Conceived by John Eagle, Janie Geiser, Hsuan-Kuang Hsieh, Chu-Hsuan Chang, and Cassia Streb
Developed in collaboration with Audrey Densmore, Brian Hashimoto, Miranda Kahn, Tane Kawasaki.Moira MacDonald, and Stevie Nemazee.
These are two short excerpt from the Sound House work-in-progress, presented at Automata October 2, 2016.
This was our first public open rehearsal. All physical elements here are just mock-ups and stand-ins, with the exception of the rolling walls, which are in progress. The audience stood or walked around the periphery of the performing area, a 4ft wide corridor. The rectangular space of activity was defined by tape around the edges.
We found out immediately that Automata's space (17' x 32') is too small for the work. We imagine the performance taking place in a space that is at least twice that size or larger, so that there is more space for movement and reconfiguration.
Excerpt 1 This section shows a range of tasks, beginning with the live "scanning" of instructional manuals downloaded from the Strategic Air Command site. A brick wall is constucted, then taken apart. Puppet/technicians write code for the walls, and a performer (Streb) listens to signals derived from the code; the signals tell her what shapes to make with the walls. The sound is generated by the work. Microphones in the puppets pick up the sound in the room and that information is fed to the walls, which interact with each other to change the sound.
Excerpt 2: This excerpt includes puppet/technicians at work, monitoring their screens, and drawing; live coding, walls and puppets in feedback loop, animated video sections.
Sound House could take place in a large public atrium, on the stage of a theatrical space (with audience on the stage, not in seats), a lobby, community center, inside basketball court or gymnasium; or outdoors on a plaza or empty concrete area at night. It would be interesting to perform it in an open field (with some kind of low wooden platform for the performance space), suggesting the kinds of sites where the Minutemen missiles are buried.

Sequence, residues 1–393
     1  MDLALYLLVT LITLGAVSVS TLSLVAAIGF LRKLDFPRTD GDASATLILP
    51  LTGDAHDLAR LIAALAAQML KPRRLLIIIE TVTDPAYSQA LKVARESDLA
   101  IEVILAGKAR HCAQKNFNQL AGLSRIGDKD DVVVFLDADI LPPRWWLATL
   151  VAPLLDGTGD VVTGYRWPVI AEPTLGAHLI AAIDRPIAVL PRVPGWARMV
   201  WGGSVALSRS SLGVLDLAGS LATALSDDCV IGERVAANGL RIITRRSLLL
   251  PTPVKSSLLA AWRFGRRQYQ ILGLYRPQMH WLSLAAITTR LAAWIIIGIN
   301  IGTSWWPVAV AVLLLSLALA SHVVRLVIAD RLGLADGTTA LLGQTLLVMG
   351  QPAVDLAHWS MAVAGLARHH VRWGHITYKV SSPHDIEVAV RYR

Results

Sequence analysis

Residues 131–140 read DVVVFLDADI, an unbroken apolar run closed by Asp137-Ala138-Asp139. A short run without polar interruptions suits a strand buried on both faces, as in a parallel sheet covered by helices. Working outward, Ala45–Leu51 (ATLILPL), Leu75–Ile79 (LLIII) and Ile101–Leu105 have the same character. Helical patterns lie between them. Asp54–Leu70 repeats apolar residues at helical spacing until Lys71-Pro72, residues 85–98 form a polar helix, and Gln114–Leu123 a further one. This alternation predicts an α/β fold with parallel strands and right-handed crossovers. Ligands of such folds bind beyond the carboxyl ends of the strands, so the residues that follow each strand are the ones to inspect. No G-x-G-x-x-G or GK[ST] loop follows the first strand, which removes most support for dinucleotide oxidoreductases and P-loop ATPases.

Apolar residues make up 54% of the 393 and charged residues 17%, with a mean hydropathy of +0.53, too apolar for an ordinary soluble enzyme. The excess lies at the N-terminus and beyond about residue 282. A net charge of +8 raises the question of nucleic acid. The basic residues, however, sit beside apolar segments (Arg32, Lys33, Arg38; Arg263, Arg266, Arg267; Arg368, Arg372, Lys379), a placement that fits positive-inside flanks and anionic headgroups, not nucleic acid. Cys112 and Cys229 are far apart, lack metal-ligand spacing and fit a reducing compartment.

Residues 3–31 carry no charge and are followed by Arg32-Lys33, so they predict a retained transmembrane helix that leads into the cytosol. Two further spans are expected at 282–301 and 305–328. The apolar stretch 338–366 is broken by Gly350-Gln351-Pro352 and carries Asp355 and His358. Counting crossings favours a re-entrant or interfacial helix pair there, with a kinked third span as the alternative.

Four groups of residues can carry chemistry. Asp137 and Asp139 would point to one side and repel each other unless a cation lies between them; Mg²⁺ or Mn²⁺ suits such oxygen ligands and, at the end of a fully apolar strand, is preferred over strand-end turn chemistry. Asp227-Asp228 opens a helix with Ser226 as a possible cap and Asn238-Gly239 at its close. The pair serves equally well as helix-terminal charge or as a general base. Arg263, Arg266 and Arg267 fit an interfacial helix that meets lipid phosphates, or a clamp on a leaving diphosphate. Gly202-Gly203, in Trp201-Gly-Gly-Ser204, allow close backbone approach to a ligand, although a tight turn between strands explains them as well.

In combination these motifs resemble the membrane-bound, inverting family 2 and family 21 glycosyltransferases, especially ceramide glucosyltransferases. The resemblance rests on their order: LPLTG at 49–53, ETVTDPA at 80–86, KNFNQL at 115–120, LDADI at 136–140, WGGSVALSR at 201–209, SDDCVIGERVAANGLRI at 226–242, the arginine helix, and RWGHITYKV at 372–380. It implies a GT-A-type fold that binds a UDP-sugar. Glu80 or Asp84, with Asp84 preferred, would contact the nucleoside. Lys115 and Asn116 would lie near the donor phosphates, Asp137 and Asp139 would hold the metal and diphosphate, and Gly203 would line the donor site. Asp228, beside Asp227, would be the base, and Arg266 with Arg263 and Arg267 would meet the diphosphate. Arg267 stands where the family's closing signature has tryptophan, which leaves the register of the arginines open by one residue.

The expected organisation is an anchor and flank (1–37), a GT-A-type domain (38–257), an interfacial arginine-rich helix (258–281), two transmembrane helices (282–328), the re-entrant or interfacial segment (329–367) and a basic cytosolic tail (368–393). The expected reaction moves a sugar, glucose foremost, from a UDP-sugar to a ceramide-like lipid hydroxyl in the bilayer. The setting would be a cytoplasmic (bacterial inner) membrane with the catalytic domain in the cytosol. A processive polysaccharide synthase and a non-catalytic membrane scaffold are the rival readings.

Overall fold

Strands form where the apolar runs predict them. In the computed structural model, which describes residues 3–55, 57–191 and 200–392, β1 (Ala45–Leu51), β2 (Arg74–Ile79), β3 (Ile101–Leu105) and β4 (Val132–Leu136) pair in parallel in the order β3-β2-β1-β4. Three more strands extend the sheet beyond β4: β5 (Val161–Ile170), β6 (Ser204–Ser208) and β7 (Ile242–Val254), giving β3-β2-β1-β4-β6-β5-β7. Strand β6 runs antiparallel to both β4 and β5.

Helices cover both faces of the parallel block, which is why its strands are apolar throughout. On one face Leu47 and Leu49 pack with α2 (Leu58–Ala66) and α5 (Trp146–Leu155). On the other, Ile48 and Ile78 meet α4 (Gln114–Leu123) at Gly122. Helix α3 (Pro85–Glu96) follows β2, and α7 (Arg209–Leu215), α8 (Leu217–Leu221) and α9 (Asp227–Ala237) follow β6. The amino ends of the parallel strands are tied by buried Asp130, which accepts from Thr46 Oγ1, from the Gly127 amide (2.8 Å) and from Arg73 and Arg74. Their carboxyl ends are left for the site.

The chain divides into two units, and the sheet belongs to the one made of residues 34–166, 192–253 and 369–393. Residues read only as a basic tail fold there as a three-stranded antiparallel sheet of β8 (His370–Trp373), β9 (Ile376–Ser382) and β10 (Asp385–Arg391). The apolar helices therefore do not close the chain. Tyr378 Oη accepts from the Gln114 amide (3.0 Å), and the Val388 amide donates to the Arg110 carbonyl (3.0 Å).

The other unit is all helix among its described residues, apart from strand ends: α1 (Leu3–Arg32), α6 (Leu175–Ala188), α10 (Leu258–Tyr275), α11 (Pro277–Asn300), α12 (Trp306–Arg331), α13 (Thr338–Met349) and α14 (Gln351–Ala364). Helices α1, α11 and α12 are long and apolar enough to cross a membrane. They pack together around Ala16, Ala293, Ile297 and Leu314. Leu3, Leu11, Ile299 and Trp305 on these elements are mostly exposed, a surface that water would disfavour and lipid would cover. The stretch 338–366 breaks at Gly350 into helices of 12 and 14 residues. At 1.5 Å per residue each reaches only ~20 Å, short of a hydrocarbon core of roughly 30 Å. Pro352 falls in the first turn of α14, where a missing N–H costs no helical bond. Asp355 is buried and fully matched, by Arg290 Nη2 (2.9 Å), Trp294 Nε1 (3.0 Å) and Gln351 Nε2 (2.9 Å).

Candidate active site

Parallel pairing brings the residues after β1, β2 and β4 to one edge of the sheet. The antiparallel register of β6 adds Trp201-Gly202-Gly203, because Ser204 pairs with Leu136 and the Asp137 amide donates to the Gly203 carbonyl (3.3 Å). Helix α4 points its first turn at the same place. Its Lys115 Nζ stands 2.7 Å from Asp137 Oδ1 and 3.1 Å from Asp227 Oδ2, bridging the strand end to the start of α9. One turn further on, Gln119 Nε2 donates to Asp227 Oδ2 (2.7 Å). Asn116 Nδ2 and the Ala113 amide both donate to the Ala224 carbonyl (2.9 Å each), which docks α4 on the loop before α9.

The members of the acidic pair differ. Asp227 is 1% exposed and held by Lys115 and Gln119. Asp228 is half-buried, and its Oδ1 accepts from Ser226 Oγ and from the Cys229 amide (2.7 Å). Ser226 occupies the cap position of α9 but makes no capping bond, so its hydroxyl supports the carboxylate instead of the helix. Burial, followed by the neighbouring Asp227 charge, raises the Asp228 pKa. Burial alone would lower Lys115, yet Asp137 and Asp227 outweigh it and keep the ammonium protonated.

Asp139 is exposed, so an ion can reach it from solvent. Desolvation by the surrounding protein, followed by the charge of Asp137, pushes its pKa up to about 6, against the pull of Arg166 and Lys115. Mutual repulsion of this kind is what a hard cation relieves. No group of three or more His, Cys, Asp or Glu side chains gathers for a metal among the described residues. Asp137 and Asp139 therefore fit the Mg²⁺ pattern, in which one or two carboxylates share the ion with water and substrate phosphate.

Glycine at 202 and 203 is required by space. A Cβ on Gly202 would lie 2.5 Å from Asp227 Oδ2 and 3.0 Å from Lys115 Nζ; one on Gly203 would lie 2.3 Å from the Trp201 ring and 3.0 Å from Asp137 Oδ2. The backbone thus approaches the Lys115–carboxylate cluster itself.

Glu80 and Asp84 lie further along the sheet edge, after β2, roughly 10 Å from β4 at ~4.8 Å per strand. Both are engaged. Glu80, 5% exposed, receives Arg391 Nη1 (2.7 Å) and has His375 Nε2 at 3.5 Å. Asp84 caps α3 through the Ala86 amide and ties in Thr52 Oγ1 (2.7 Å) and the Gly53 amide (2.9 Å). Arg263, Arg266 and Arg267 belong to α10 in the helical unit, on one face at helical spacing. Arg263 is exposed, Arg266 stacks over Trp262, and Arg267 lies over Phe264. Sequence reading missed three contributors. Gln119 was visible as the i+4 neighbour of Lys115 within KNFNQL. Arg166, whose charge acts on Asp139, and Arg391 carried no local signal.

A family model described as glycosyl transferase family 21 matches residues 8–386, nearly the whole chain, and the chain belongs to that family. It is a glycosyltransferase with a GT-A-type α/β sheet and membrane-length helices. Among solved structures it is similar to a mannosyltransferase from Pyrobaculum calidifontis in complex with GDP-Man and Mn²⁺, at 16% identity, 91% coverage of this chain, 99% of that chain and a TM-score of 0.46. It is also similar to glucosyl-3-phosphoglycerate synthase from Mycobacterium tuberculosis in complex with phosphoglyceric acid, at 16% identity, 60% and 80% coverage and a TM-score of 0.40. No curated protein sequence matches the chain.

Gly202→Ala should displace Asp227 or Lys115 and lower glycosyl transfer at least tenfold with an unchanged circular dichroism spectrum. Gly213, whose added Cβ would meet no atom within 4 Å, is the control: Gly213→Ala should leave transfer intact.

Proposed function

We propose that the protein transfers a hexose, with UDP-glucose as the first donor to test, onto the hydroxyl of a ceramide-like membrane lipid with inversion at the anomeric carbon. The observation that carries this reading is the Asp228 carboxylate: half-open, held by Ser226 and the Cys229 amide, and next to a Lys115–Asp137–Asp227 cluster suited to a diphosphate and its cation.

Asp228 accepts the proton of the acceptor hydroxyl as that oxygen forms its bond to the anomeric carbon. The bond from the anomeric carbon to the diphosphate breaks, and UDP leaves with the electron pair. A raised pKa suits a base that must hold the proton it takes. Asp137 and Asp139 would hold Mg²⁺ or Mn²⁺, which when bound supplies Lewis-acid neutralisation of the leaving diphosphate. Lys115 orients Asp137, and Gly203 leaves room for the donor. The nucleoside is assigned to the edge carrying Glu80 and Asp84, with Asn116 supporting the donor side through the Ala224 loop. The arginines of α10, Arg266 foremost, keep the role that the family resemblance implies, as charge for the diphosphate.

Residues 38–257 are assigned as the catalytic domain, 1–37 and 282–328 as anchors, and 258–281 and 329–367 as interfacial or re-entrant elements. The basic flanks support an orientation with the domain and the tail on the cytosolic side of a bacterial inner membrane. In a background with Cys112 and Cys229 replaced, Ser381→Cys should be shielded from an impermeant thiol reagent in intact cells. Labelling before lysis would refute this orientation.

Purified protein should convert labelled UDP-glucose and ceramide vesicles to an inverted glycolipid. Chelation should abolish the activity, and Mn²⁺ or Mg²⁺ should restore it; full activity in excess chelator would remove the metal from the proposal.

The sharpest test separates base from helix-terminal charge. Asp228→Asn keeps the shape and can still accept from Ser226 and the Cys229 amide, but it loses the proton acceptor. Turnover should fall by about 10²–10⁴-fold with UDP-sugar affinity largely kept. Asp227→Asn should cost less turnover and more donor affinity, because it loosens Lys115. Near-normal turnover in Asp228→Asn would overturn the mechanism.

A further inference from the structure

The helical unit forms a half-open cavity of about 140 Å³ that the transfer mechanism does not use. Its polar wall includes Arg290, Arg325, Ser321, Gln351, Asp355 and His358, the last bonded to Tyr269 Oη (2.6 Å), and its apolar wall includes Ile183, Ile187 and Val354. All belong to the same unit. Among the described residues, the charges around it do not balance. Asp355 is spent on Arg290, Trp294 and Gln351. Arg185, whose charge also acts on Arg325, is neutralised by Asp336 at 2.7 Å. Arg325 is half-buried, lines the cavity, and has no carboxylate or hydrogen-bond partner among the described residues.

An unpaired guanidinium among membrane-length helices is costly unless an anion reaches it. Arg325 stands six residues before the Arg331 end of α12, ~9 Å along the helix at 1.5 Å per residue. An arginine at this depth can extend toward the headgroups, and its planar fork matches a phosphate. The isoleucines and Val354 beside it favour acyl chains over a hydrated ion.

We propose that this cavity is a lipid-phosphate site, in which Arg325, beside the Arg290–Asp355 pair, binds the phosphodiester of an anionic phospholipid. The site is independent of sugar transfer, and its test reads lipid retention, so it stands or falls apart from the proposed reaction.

Since the walls are such a key element of Sound House, we worked with designer Vincent Richards on the wall design and fabrication this past summer. (In our first workshop in March at CapUCLA, we used cardboard mock-ups to determine their scale and properties). For this work-in-progress, we removed one side panel from each wall, so that we could determine the best location for the speakers and micro-computers, and troubleshoot the system. Several walls will have at least one plexiglas side, so that these elements are visible.
All set elements---operator tables, puppet/minutemen control stations, bricks, live feed stations, monitors, etc---will be ultimately be designed and on wheels, so that all physical elements can move and shift, allowing the space to change in visible ways. We wanted to try out various configurations and ideas for these "stations" in the workshop.
The 2 puppets (there will be 4) are also in-progress---they will ultimately be either painted or costumed to wear jumpsuits similar to those worn by as the performers. We are also still experimenting with the placement of the speakers in their bodies.
Video is both projected and sent to screens and monitors. The content is both pre-made (both Geiser and Hsuan-Kuang Hsieh are creating this content) and live-feed. The live-feed is used in multiple ways---one camera picks up performed activity at the light table station (manipulating diagrams, game pieces, code-writing, etc); the other camera captures details of tasks, from wall patterns to puppet tasks to brick work. We want to add at least one more camera that captures the activity from above; that would be projected continuously on one surface or monitor. At Automata, we did have a live-feed from the balcony that was sent to a small TV in the storefront window, so that passers-by could see what was taking place inside. We would like to do something like this at every venue---perhaps in the lobby or outside of the space.
At Automata, there is a balcony at one end, so audience could also watch from that vantage point.